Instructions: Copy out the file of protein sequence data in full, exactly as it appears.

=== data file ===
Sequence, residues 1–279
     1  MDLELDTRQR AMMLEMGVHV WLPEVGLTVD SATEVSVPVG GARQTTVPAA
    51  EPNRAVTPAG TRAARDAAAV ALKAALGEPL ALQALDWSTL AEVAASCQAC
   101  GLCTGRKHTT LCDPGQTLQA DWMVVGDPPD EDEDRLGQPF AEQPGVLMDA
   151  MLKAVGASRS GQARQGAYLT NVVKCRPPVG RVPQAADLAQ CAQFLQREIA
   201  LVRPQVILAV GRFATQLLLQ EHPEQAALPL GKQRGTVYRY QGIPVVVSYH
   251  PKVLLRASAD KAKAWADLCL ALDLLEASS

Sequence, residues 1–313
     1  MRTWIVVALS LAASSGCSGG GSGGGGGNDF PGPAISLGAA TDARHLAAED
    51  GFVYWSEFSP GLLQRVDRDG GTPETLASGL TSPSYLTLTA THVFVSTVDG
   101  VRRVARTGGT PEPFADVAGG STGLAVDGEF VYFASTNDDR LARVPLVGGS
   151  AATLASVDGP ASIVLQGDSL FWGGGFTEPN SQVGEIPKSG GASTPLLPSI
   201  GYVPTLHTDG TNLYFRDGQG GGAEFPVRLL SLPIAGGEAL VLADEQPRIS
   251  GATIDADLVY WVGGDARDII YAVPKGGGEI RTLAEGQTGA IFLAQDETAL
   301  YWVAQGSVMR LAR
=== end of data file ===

Sequence, residues 1–279
     1  MDLELDTRQR AMMLEMGVHV WLPEVGLTVD SATEVSVPVG GARQTTVPAA
    51  EPNRAVTPAG TRAARDAAAV ALKAALGEPL ALQALDWSTL AEVAASCQAC
   101  GLCTGRKHTT LCDPGQTLQA DWMVVGDPPD EDEDRLGQPF AEQPGVLMDA
   151  MLKAVGASRS GQARQGAYLT NVVKCRPPVG RVPQAADLAQ CAQFLQREIA
   201  LVRPQVILAV GRFATQLLLQ EHPEQAALPL GKQRGTVYRY QGIPVVVSYH
   251  PKVLLRASAD KAKAWADLCL ALDLLEASS

Sequence, residues 1–313
     1  MRTWIVVALS LAASSGCSGG GSGGGGGNDF PGPAISLGAA TDARHLAAED
    51  GFVYWSEFSP GLLQRVDRDG GTPETLASGL TSPSYLTLTA THVFVSTVDG
   101  VRRVARTGGT PEPFADVAGG STGLAVDGEF VYFASTNDDR LARVPLVGGS
   151  AATLASVDGP ASIVLQGDSL FWGGGFTEPN SQVGEIPKSG GASTPLLPSI
   201  GYVPTLHTDG TNLYFRDGQG GGAEFPVRLL SLPIAGGEAL VLADEQPRIS
   251  GATIDADLVY WVGGDARDII YAVPKGGGEI RTLAEGQTGA IFLAQDETAL
   301  YWVAQGSVMR LAR